It's August (unless you're reading this in any other month of the year, in which case, "It was August!") which means that many educational institutions will now be thinking ahead to September and preparing themselves for the intake of new pupils or welcoming back existing ones. Along with stocking up on pillows to scream into, a part of the yearly preparations will be the safeguarding children training for the school's new and returning staff. As a parent of four boys myself (yep, four boys...it's why I spend so much time at work), I am beyond relieved that schools ensure staff training on safeguarding and child protection policies. But I was under the impression that they currently only need to do this every two years and that it isn't a requirement to cover online safety. My inquisitive switch clicked... Well, the Department for Education's inquisitive switch clicked too in 2015 and consulted on proposed changes to its statutory guidance, including ensuring that training is an annual requirement and that online safety is taught. So what happened?
As reported in Schools Week during the time of the consultation, Sally Bates, from the National Association of Headteachers, had said that, although school leaders already did many of the things set out in the proposals, she welcomed the requirement for more frequent training. This wasn't a view that was shared with all respondents during the consultation process however, with thirty-five percentage not agreeing with the idea of annual training as a minimum for the designated safeguarding lead.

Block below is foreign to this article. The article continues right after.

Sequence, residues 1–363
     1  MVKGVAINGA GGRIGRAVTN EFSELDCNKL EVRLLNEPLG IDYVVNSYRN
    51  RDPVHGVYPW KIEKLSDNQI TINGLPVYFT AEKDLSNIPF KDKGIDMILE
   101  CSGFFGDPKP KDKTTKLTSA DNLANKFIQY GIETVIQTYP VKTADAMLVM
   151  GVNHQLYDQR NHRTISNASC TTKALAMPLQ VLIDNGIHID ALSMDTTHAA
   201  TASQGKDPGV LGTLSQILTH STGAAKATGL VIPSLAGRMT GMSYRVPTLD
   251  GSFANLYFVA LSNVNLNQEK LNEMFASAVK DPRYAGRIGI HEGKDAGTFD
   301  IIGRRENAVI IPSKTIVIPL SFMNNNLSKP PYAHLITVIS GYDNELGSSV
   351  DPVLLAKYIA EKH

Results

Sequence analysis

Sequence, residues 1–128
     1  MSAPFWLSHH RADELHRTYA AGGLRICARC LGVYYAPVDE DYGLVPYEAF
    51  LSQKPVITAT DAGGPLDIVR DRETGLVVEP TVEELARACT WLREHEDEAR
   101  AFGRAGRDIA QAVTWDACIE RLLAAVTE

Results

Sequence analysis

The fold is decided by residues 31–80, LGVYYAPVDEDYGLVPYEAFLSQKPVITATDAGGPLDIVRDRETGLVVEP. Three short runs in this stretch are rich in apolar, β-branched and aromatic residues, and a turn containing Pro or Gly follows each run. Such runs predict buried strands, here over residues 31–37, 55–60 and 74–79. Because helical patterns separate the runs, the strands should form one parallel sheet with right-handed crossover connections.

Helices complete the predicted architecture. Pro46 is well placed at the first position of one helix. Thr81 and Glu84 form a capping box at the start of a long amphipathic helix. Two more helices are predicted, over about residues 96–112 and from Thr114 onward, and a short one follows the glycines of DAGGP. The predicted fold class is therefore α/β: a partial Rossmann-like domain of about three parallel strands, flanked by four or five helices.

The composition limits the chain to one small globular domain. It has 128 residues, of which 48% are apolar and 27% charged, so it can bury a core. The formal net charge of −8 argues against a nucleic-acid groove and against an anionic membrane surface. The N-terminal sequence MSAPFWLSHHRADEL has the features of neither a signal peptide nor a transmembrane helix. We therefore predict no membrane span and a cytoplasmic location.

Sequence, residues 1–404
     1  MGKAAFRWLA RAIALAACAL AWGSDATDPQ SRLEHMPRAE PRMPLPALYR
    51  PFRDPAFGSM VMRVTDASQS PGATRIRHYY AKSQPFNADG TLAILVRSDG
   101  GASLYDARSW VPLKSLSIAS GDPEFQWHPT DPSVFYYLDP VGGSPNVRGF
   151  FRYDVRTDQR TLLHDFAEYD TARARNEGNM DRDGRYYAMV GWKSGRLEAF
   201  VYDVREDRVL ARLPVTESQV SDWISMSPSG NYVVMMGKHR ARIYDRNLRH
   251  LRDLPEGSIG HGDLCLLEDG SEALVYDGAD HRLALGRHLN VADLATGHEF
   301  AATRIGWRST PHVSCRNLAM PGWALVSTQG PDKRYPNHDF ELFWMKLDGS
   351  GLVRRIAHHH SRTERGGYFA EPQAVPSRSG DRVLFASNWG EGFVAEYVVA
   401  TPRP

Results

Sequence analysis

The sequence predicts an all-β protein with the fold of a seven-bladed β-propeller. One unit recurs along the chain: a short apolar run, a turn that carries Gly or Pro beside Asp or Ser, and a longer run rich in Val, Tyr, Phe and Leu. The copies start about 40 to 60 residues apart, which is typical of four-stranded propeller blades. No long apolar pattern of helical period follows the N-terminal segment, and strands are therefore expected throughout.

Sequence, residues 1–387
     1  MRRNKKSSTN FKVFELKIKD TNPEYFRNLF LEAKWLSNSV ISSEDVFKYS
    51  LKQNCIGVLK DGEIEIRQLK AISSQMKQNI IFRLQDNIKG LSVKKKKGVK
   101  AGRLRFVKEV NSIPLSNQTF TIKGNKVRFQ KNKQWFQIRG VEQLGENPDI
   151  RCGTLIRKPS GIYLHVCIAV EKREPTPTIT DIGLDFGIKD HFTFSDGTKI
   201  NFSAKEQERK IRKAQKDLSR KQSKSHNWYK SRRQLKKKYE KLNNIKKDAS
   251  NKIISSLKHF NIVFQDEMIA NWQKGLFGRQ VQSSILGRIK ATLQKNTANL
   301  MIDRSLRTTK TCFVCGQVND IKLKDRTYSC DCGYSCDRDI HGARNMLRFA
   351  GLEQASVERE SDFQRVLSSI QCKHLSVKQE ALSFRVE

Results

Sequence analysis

However, as may be somewhat predictable for those in the eLearning industry, many respondents felt that more frequent training would increase costs and create a staff resource issue. It was argued that small schools could also be more affected by the need to provide cover for staff on training. That old obstacle - the costs involved in face-to-face or blended learning courses.
In a recent blog I wrote about the UK's increase in online training demonstrated that around 61% of employers believe that learning through face-to-face courses is too expensive and also eats into staffing time and resources. In this case, that may include the need to provide additional cover for staff who are training. Half of respondents to the study outlined in that article also say they are more likely to consider an online training course as they are significantly cheaper options, particularly in when purchased in bulk. So, how does this relate to statutory changes for safeguarding children in schools?
The Government response to the consultation was published in May 2016, and included the following changes:
In addition to the increased training requirements outlined in the revised procedures, there was an additional change made where schools were previously only required to “consider” teaching and learning in the area of online safety. Following the consultation, governors and proprietors must now ensure that "as part of the requirement for staff to undergo regularly updated safeguarding training (paragraph 64) and the requirement to ensure children are taught about safeguarding, including online (paragraph 68), that online safety training for staff is integrated, aligned and considered as part of the overarching safeguarding approach". Happy days! That makes me as a father of four quite relieved. My six year old negotiates his way through the internet just as well as his older brothers and I guess we have to accept that this is the way forward. Safely.
In addition to the affordability of eLearning options, there is also the benefits of 24/7 accessibility. eLearning materials are accessible to staff members throughout the day. This makes it possible for employees to learn the subject at their own pace, in comfortable settings and in bite sized chunks. Unlike more traditional learning methods, eLearning ensures that the learners can time-manage their training to suit their own timetables and thus has no negative consequences on productivity and without a constraint on resources.
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